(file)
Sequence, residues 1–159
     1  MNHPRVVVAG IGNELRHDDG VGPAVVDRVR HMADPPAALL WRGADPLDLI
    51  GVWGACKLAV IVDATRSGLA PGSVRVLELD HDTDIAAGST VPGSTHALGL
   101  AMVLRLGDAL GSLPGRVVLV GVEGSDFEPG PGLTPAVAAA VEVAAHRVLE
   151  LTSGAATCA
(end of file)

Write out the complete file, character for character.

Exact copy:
Sequence, residues 1–159
     1  MNHPRVVVAG IGNELRHDDG VGPAVVDRVR HMADPPAALL WRGADPLDLI
    51  GVWGACKLAV IVDATRSGLA PGSVRVLELD HDTDIAAGST VPGSTHALGL
   101  AMVLRLGDAL GSLPGRVVLV GVEGSDFEPG PGLTPAVAAA VEVAAHRVLE
   151  LTSGAATCA